In 1 Timothy 4:6-10, Paul compares the Christian’s pursuit of godliness to the way an athlete physically trains their body:

If you put these things before the brothers, you will be a good servant of Christ Jesus, being trained in the words of the faith and of the good doctrine that you have followed. Have nothing to do with irreverent, silly myths. Rather train yourself for godliness; for while bodily training is of some value, godliness is of value in every way, as it holds promise for the present life and also for the life to come. The saying is trustworthy and deserving of full acceptance. For to this end we toil and strive, because we have our hope set on the living God, who is the Savior of all people, especially of those who believe.

We know, however, that the most physically fit among us may also be the most spiritually obese. Those who have trained their bodies to perform weightlifting feats may not have trained themselves to walk in purity. They may be able to impress you with their mile-time, but their sexual lust may have caused them to run right past their spouse to pornography. Physical training, with all of its real benefits, does not correlate to being trained by grace for godliness.  

In this passage, Paul uses the language of “training” (we get the English word “gymnasium” from the Greek noun used here) to describe the way that Timothy ought to pursue godliness. Paul is commanding Timothy to exercise his faith by teaching the Ephesian church the “words of the faith” and the “good doctrine that [he] has followed.” He contrasts this type of exercise with the laziness of the false teachers who have been pontificating about “irreverent, silly myths” (4:6) and have “wandered away into vain discussion” (1:6). These false teachers were familiar with the Bible, but they were not able to use it correctly (1:8).

Athletes know that if you don’t go into the gym with a workout in mind, you will wander around aimlessly, do a few random movements, and see few results. One might be able to declare that they spent five hours a week at the gym, but they will not be as fit because they did not train while they were at the gym. The person who goes to the gym to purposefully train will see more results than the person with no direction.

The same reality exists in the spiritual gymnasium. The person who approaches godliness like the wandering gym-attender will see less fruit from their training. Of course, going to the gym is at least better than not going at all. In the same way, opening your Bible and reading something is better than nothing, but this is not where we will see spiritual flourishing occur. In order to see greater spiritual fitness, we must train with discipline and precision.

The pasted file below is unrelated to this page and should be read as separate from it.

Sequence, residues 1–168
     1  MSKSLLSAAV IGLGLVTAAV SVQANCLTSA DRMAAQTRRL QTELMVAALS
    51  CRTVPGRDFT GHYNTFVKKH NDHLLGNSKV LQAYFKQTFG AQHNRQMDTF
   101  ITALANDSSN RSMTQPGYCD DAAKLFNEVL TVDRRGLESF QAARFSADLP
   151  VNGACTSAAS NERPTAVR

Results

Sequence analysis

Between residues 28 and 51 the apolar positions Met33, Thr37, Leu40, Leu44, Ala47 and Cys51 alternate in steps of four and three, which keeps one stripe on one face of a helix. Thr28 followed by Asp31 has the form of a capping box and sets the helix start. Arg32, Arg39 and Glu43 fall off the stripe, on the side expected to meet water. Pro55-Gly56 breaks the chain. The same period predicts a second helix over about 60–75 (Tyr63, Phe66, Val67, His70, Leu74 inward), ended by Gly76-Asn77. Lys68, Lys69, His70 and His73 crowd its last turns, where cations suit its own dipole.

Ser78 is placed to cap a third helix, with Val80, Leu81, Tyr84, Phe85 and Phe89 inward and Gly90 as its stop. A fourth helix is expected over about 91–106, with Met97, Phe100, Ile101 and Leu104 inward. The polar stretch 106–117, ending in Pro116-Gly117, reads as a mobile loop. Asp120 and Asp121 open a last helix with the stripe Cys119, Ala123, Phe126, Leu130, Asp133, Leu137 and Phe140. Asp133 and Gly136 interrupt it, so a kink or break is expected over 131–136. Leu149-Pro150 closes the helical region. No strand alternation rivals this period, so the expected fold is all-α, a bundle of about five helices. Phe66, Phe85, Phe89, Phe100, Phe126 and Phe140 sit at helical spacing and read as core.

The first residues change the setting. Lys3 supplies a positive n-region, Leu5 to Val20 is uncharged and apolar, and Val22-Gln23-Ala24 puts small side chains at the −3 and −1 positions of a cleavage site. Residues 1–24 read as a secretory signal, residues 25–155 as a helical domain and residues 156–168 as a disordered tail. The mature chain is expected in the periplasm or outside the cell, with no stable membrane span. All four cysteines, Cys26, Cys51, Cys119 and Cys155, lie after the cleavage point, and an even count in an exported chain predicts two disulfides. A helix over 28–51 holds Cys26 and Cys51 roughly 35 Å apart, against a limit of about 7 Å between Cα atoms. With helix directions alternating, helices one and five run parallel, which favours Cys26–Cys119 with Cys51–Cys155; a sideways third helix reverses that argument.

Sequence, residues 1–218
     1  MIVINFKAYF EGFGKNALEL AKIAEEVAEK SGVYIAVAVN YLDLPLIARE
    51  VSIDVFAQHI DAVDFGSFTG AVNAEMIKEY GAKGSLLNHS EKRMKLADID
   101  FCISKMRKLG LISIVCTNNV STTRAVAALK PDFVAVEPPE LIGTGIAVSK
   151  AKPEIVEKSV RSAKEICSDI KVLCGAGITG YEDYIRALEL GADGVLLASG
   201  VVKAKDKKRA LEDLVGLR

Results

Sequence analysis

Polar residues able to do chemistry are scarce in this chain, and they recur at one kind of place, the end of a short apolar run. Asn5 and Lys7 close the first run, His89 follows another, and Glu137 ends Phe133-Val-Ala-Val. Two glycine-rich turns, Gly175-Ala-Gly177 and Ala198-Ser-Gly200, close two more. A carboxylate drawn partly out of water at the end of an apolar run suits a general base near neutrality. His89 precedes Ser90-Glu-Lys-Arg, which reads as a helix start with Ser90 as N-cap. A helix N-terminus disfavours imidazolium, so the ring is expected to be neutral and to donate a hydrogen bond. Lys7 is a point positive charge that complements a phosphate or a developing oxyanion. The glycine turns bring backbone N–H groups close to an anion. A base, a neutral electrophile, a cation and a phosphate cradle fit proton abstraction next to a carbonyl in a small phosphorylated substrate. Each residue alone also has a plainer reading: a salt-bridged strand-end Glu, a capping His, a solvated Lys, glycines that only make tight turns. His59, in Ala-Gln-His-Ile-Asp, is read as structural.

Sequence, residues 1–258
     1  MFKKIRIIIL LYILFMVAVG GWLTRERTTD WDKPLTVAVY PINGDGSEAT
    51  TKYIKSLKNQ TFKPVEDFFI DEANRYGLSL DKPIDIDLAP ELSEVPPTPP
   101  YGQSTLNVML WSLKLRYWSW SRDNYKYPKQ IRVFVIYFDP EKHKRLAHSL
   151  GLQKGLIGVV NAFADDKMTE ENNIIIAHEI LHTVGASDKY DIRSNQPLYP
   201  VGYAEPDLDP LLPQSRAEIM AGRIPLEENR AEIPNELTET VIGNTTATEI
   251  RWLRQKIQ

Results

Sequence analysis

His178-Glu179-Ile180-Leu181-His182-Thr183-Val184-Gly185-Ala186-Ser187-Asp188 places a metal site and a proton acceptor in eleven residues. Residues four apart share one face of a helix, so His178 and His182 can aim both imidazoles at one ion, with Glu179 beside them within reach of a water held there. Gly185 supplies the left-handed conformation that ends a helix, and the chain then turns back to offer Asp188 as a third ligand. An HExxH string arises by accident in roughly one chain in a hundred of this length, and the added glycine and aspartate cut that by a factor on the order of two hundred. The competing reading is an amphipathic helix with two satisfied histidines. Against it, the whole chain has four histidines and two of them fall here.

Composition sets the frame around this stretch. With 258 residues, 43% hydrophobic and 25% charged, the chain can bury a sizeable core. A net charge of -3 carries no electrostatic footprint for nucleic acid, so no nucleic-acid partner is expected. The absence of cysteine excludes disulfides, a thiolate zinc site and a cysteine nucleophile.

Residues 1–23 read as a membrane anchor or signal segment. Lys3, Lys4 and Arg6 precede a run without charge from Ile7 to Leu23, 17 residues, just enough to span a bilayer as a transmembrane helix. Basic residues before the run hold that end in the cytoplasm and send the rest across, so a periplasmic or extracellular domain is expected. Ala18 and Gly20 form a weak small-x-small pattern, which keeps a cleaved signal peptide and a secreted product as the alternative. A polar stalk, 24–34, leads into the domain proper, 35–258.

Those who have no spiritual disciplines are on the trajectory towards spiritual obesity. While reading your Bible every day, praying, and fasting do not necessitate spiritual growth, neglecting them is like never going to the gym in the first place. In order to train ourselves for godliness, some of us need to have as strict (or stricter!) disciplines for our Bible reading and prayer as we do for our workouts.

For example, very few people utilize a Bible reading plan. In our day and age, there are a plethora of tools to keep us disciplined in our Bible readings. The one I use is called the Kingdom Bible Reading Plan. I like using it because it leads you through the whole Bible in a year, and it gives you a variety of genres to read each day. You will read a passage from each portion of the Hebrew Bible (The Law, Writings, and Prophets) and a passage from the New Testament. Just like you don’t make it to the gym every day, this plan gives you two days a week where you can forego (or, if we’re honest, just neglect) reading. Following any of the array of Bible reading plans will help keep you fit and engaged in the work of the Kingdom of God.

Some people can go to the gym and make a workout plan, but they don’t have the skills to execute their workouts. It’s not that they don’t have the willingness to plan their Bible reading, it’s that they don’t know how to read the Bible. In this regard, picking up a book on hermeneutics (the study of how to interpret the Bible) or asking for a mentor’s help could be helpful in deepening your understanding of the Bible.

In order to be more disciplined in prayer, we should make it our aim to pray with specificity. If you go to the gym with a broad goal of, “Maybe I'll do some cardio and throw around some weights,” then you cannot expect to see specific muscle growth. In the same way, if all our prayers begin to sound like, “Dear God, thanks for this food, thanks for this day, keep us happy and healthy,” should we expect to see tangible fruit from our prayers? Do you want to see your coworkers be saved? Then pray for them by name and pray that God will give you time to share the gospel every day. Do you want more joy in Jesus throughout the workday? Pray for specific moments that you are tempted to be anxious or angry and ask for God’s presence in those moments. Pray throughout the day and with specificity.

If you plan your spiritual disciplines, you can walk into the spiritual gymnasium with purpose rather than wandering around aimlessly looking for self-help verses from the Bible and offering up vague prayers. In these efforts, remember that we do not train in order to gain God’s favor. As Paul says at the end of the above passage, we “toil and strive” for spiritual fitness “because we have our hope set on the living God, who is the Savior of all people, especially of those who believe.” I pray that the good news of the Gospel would propel us to have diligence, precision, and purpose in our spiritual training.